(B) Verification through non-documentary methods. For a futures commission merchant or introducing broker relying on non-documentary methods, the CIP must contain procedures that set forth the non-documentary methods the futures commission merchant or introducing broker will use.

(1) These methods may include contacting a customer; independently verifying the customer's identity through the comparison of information provided by the customer with information obtained from a consumer reporting agency, public database, or other source; checking references with other financial institutions; or obtaining a financial statement.

(2) The futures commission merchant's or introducing broker's non-documentary procedures must address situations where an individual is unable to present an unexpired government-issued identification document that bears a photograph or similar safeguard; the futures commission merchant or introducing broker is not familiar with the documents presented; the account is opened without obtaining documents; the customer opens the account without appearing in person at the futures commission merchant or introducing broker; and where the futures commission merchant or introducing broker is otherwise presented with circumstances that increase the risk that the futures commission merchant or introducing broker will be unable to verify the true identity of a customer through documents.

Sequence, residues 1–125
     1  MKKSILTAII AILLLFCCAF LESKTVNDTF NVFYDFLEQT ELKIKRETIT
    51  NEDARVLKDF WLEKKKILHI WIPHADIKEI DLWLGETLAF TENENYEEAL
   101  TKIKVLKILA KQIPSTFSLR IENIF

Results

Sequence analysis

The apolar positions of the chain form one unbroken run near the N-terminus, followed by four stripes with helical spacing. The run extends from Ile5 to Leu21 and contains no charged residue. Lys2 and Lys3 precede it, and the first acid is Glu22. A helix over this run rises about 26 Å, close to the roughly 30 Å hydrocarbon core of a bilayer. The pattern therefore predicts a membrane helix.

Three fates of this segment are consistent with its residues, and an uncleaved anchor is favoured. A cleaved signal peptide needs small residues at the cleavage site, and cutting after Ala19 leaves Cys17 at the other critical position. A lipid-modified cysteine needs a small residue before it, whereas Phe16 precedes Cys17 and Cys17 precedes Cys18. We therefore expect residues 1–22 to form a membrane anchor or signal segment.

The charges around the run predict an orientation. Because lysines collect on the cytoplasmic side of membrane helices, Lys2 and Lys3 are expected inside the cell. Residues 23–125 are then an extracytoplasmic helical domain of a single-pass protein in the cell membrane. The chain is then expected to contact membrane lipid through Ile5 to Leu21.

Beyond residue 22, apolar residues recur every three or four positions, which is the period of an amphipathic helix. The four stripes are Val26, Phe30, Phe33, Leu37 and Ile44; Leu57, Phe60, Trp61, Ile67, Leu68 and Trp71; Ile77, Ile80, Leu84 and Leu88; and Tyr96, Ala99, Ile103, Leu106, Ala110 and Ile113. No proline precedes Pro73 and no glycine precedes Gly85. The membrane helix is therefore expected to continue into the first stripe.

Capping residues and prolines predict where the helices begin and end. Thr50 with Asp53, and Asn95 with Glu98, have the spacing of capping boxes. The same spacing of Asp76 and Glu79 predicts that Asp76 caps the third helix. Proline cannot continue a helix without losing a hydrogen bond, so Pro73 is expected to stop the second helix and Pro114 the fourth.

(C) Additional verification for certain customers. The CIP must address situations where, based on the futures commission merchant's or introducing broker's risk assessment of a new account opened by a customer that is not an individual, the futures commission merchant or introducing broker will obtain information about individuals with authority or control over such account in order to verify the customer's identity. This verification method applies only when the futures commission merchant or introducing broker cannot verify the customer's true identity after using the verification methods described in paragraphs (b)(2)(ii)(A) and (B) of this section.

(iii) Lack of verification. The CIP must include procedures for responding to circumstances in which the futures commission merchant or introducing broker cannot form a reasonable belief that it knows the true identity of a customer. These procedures should describe:

(A) When an account should not be opened;

(B) The terms under which a customer may conduct transactions while the futures commission merchant or introducing broker attempts to verify the customer's identity;

(C) When an account should be closed after attempts to verify a customer's identity have failed; and

(D) When the futures commission merchant or introducing broker should file a Suspicious Activity Report in accordance with applicable law and regulation.